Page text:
at the end of the second case study, in the interest of answering the question of whether local administrative data on voters can be used instead of or in addition to the ACS data in Voting Rights Act analyses. Returning the focus to Monterey County, California—a jurisdiction for which she has done a lot of redistricting work—Gobalet said that she has had the opportunity to do detailed geocoding and surname analysis of the voter rolls. She emphasized that surname analysis might be feasible for Spanish-origin names but is not believed to be reliable for identifying blocs of other minority groups; African American surnames are not distinctive enough to be singled out, and she said that the methodology has been found to have limited utility for identifying Asian American voters. But—if workable to identify Hispanic voters—the surname-based voter roll data has the attractive feature of being linked to precise addresses (and thus exact geographic locations) that can be linked to arbitrarily small geographic areas.
Gobalet said that her work with the Monterey County registered voter data has suggested fairly strong concordance between the 2006–2010 ACS CVAP tabulation and the surname-based Hispanic voter shares, with the latter computed separately from registered voter rolls as of November 2008 and the rolls as of November 2010. Monterey County is subject to U.S. Justice Department pre-clearance of districting plans under the Voting Rights Act, so she conducted this work in the context of evaluating two alternative districting plans partitioning the county into five districts—one developed by county authorities (and ultimately adopted) and a last-minute alternative proposal backed by the county’s largest city, Salinas. Across both proposals and both vintages of the surname-based Hispanic shares, the Hispanic CVAP percentage and Spanish-surnamed registered voter share differed by no more than 5 percent for any district. She concluded that it is reassuring that both data sources seem to be measuring the same basic thing so, in some cases, it may not be necessary to rely solely on the Hispanic CVAP data from the ACS. That said, she reiterated that the CVAP data have more utility for examining concentration of minority groups other than Hispanics.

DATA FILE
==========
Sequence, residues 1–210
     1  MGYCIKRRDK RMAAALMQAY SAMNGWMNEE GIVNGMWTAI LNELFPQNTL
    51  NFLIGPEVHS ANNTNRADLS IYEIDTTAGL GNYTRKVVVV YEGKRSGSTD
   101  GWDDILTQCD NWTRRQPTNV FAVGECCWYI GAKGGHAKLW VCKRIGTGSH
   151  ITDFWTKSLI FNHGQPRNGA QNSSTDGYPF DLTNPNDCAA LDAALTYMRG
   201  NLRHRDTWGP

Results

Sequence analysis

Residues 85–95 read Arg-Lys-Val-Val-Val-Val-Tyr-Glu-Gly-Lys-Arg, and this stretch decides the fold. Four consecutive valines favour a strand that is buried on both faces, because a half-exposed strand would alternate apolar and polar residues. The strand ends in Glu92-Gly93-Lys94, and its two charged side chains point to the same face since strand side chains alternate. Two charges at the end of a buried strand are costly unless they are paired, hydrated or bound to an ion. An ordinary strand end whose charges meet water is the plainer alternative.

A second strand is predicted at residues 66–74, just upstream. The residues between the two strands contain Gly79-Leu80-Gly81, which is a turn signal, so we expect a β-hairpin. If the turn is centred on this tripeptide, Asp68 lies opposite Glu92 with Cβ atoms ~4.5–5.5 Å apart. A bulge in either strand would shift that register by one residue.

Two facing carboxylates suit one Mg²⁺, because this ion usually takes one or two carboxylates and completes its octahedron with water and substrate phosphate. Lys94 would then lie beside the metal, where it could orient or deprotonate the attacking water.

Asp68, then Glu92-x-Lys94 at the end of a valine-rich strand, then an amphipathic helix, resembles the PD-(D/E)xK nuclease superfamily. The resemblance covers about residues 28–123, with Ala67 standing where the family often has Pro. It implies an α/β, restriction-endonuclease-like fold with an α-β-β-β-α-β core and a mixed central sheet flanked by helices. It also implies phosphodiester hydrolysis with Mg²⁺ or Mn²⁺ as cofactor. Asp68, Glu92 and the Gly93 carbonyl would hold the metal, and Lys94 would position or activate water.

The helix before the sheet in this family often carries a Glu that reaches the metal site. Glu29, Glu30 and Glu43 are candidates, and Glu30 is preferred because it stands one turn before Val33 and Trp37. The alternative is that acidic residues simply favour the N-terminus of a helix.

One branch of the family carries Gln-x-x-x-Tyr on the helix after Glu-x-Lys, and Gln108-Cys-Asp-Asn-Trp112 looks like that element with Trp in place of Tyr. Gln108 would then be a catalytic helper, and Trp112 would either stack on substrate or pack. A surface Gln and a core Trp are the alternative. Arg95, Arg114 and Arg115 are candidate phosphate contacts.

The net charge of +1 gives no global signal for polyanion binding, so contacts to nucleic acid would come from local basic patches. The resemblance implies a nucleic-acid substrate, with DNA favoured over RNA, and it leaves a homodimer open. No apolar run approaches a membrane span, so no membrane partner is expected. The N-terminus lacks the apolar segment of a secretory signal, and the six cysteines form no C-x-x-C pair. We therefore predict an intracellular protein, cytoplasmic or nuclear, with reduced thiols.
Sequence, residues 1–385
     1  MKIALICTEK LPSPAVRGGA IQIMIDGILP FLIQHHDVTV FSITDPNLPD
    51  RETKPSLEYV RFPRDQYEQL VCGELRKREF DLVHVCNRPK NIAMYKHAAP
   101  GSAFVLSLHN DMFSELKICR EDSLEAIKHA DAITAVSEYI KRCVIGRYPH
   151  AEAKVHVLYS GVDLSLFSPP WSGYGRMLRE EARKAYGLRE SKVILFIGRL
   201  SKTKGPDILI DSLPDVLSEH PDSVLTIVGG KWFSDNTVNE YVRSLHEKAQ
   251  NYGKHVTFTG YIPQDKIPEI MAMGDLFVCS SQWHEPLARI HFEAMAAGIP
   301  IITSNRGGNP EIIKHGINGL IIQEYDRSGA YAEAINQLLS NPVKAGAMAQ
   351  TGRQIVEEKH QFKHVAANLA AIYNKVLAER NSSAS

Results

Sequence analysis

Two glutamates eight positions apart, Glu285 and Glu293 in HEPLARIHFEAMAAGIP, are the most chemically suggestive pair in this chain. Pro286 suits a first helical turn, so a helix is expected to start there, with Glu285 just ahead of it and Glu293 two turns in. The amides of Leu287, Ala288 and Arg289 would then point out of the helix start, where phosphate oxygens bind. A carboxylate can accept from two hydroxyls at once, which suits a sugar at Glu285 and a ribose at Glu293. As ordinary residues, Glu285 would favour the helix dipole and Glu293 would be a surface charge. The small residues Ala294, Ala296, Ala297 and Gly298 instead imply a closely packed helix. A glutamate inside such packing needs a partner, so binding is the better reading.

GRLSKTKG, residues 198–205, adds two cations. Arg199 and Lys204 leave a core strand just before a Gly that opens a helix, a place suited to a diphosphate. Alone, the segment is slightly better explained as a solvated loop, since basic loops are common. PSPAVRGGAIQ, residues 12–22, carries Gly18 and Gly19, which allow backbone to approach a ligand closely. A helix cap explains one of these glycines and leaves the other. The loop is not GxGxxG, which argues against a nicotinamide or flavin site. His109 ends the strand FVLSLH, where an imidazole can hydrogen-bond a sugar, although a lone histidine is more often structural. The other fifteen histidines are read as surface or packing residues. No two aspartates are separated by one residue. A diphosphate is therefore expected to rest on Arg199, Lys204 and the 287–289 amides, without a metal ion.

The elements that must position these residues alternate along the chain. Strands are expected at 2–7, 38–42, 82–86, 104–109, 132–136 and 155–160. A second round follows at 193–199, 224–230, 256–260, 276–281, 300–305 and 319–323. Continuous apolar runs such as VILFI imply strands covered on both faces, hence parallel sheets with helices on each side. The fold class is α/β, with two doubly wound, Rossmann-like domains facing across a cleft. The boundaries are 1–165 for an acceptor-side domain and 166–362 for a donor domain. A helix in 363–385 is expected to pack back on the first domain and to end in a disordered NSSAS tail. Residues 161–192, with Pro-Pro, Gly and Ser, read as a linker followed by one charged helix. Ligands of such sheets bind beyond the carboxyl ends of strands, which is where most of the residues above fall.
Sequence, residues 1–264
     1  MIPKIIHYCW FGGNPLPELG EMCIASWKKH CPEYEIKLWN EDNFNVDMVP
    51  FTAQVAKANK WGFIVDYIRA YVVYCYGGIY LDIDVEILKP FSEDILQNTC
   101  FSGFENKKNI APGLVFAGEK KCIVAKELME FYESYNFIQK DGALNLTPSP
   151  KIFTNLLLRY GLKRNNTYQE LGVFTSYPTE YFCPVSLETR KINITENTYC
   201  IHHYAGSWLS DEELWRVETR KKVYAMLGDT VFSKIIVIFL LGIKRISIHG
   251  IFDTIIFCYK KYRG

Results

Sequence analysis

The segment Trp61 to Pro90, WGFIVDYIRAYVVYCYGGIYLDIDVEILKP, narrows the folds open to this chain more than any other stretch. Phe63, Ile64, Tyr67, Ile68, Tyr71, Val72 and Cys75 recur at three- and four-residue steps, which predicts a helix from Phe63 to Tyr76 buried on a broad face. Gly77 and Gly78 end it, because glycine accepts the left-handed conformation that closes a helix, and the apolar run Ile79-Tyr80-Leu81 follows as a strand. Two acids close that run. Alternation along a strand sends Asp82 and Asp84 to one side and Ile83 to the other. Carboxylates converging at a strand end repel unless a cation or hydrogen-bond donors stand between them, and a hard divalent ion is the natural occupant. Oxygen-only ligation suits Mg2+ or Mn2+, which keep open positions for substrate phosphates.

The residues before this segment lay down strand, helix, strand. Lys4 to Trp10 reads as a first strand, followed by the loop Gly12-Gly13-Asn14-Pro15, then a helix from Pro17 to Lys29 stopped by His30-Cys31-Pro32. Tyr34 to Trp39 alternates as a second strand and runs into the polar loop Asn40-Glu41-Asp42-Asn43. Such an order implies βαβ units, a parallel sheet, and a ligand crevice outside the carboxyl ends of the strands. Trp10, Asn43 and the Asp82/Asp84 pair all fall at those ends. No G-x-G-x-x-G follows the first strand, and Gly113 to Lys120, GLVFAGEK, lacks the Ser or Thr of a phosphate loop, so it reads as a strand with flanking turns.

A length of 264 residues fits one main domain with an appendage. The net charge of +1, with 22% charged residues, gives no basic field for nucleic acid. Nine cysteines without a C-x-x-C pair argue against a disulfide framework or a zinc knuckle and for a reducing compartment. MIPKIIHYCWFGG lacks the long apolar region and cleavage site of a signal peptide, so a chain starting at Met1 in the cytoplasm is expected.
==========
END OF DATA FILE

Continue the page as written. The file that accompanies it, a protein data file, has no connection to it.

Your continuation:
She closed by repeating her bottom-line conclusion from all three case studies—that the ACS-based CVAP special tabulation has become essential to ensure compliance with the letter and intent of the Voting Rights Act. Absent the ACS, things would necessarily return to the days of basing important determinations on guesswork and hunches.
Andrew Beveridge (Queens College and Graduate Center, City University of New York, and Social Explorer, Inc.) began his remarks by describing himself as “sort of an accidental demographer; I stumbled into this field without knowing too much about it, after graduate school.” Getting involved in civil